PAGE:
The value of a spring trip often is felt off the field as much as on. The Thomas Worthington baseball team made its first such excursion since before the COVID-19 pandemic, playing four games in Tennessee from April 13-16.
The Cardinals went 0-4 on the trip and were 4-7 overall, including 3-1 in the OCC-Cardinal Division, after a 3-1 win over Marysville on April 21.
But coach Chris Olson believes the trip will serve Thomas better in the long run.
“I think from a bonding and a camaraderie standpoint, the trip was awesome,” he said. “From a competition standpoint, it was tough. But that’s what we want. We want to be exposed to the best talent and the teams we played (in Tennessee) were all excellent. That’s only going to make us better.”
Three of the four teams Thomas played – Knoxville Christian Academy (third in Division II-Class A), Knoxville Hardin County (fourth in Division I-Class 3A) and Farragut (sixth in Division I-Class 4A) – were ranked in the latest Tennessee Baseball Coaches Association state poll.
“As coaches, we’re still trying to figure out some of (our players) and what they’re capable of,” Olson said. “We’re playing a lot of new faces. The more we can figure out (the makeup) of this team, that’s only going to help us. Most of these kids haven’t played together. There are a few returning guys. But outside of that, it’s a newer group of guys.”
The team stayed in a house together, visited NASCAR Speedpark and took in a Tennessee-Tennessee Tech college baseball game, where they got to use the facilities at the ballpark of the minor league Tennessee Smokies.
“I think it was overall a good trip even though we didn’t have the best win-loss record,” senior Josh Rock said. “I think it definitely (made) all of us better because we got to see better pitching.
“I think it made us closer, bonding-wise, because we got to do a ton of fun activities together. At the house, there was foosball, arcade machines and a hot tub. Everybody was just talking to each other and having fun, (especially) on the bus rides.”
Rock, a left-handed pitcher and outfielder, was 1-1 with a 2.23 ERA and 27 strikeouts in his first four starts on the mound. Against Marysville, he pitched a complete game, allowing one earned run on three hits and a walk with 10 strikeouts.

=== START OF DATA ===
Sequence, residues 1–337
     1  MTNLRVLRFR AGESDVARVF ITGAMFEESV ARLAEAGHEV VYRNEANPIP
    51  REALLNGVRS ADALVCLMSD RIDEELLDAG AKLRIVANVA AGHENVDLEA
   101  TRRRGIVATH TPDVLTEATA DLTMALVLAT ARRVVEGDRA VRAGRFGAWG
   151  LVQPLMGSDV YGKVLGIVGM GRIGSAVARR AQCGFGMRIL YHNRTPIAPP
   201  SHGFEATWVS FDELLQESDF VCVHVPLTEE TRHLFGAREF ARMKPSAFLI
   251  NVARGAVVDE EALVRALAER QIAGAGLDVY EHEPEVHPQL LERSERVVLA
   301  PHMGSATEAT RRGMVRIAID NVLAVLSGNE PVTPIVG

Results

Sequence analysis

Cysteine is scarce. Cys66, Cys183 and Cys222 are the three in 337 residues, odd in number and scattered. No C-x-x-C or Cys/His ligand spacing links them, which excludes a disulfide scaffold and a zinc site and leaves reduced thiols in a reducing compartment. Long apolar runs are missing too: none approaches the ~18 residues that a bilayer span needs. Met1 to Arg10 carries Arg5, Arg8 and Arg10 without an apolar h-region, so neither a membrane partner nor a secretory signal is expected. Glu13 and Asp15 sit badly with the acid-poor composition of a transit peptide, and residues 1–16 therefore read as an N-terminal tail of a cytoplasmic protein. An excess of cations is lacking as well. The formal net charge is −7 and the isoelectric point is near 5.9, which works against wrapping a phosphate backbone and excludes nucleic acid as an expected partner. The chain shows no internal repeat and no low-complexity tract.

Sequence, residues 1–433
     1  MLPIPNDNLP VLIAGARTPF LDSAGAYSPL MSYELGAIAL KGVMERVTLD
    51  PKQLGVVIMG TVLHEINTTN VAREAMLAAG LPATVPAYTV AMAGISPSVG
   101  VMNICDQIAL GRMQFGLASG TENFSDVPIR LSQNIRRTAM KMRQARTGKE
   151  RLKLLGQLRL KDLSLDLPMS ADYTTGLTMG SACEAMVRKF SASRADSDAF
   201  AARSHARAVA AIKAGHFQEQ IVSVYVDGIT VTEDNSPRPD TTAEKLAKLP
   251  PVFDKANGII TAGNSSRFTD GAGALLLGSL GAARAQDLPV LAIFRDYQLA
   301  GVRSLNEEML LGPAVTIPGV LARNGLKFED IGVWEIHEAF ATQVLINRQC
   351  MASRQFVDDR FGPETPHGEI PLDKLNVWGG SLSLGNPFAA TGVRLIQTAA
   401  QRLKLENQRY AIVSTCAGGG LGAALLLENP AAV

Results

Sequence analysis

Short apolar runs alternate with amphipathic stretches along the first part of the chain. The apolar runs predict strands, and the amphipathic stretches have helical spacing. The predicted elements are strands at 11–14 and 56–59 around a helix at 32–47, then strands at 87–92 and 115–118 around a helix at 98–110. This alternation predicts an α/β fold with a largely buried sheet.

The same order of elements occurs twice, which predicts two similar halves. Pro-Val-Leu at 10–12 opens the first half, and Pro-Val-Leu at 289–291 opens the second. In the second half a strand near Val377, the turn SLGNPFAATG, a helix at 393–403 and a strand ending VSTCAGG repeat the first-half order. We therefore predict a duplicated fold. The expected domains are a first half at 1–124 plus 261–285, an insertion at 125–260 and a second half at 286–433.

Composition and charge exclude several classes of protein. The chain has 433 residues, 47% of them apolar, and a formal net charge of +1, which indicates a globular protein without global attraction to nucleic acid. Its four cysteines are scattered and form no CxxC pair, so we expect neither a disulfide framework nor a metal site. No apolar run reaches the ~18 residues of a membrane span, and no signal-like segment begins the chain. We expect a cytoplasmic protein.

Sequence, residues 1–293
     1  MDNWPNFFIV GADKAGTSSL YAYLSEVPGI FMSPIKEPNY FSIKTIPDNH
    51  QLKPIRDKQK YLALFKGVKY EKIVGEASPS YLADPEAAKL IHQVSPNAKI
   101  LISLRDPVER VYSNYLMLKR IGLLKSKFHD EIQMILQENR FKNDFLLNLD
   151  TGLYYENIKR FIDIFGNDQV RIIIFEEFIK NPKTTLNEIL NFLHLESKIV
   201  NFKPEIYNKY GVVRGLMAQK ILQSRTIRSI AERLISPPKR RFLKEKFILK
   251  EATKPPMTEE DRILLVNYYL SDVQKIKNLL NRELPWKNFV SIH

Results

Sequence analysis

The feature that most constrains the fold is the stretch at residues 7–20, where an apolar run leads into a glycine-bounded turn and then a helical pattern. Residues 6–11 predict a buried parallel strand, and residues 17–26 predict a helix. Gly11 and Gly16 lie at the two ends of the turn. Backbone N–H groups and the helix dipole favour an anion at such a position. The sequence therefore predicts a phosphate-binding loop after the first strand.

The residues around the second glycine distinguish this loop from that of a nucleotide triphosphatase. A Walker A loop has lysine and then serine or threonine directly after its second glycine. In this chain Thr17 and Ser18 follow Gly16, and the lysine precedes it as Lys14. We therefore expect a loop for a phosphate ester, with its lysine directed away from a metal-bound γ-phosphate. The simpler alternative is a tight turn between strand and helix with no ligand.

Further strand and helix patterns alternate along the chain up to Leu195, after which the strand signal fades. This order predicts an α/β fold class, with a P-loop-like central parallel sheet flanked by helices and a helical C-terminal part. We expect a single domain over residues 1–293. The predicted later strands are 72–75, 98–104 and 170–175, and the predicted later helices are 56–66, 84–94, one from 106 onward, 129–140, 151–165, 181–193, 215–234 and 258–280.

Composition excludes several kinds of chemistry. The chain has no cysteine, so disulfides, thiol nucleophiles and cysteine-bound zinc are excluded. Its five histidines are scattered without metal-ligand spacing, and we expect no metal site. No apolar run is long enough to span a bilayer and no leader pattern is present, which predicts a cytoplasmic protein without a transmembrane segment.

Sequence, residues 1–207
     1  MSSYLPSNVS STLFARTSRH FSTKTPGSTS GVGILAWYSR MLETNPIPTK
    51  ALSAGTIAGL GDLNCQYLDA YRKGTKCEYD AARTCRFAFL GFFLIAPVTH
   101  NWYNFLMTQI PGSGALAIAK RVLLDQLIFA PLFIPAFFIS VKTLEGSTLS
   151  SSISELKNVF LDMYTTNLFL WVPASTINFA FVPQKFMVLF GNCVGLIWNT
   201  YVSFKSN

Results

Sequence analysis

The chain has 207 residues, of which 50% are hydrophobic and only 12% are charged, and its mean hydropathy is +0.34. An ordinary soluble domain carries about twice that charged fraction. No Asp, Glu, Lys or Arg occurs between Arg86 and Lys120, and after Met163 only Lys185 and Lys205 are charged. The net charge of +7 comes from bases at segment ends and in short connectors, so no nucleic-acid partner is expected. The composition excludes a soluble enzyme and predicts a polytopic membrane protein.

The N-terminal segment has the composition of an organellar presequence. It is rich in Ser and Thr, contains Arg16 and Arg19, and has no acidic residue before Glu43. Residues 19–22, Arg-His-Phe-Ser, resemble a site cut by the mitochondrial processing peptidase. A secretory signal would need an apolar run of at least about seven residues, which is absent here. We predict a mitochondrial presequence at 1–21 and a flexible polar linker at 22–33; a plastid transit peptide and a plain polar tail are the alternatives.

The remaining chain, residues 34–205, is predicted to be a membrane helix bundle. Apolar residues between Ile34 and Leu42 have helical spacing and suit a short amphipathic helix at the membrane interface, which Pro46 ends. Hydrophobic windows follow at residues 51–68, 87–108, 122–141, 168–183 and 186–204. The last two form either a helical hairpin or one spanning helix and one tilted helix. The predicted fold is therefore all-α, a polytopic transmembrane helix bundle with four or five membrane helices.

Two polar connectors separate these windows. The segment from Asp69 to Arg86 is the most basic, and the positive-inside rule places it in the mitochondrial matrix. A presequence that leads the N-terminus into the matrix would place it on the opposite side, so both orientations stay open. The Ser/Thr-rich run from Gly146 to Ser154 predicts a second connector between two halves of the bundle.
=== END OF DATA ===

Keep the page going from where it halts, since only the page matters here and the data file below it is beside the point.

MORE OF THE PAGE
Sophomore Jacob King was leading the Cardinals at the plate, batting .312 with four walks, two runs and a couple of stolen bases.
Senior Gannon Wentz has been battling an elbow injury, limiting his time on the mound after being one of Thomas’ top pitchers last year. He had thrown only 3 1/3 innings this season, all in relief.
“(My elbow is) getting progressively better,” Wentz said. “I was able to throw down in Tennessee with little to no problem. ... It’s (taken) a lot of ice and rest, but I’m slowly getting back.”
Wentz is making an impact behind the plate as the team’s main catcher.
“It’s a hard balance (between pitching and catching),” Olson said. “We haven’t had many guys that have been able to do that. He’s an ultra-talented player. He enjoys playing the game and he’s really competitive.”
Wentz’s father, Bradley, and brother in-law, John Birkbeck, are helping out as assistant coaches. Bradley was a freshman on the 1981 state championship team and went on to play at Illinois as a catcher, and Birkbeck pitched at Kent State.
“Having (my dad) there really helps me emotionally,” Wentz said. “Having someone to talk to during the game is just better for me, personally.”
This article originally appeared on ThisWeek: Baseball: Thomas Worthington benefits from Tennessee trip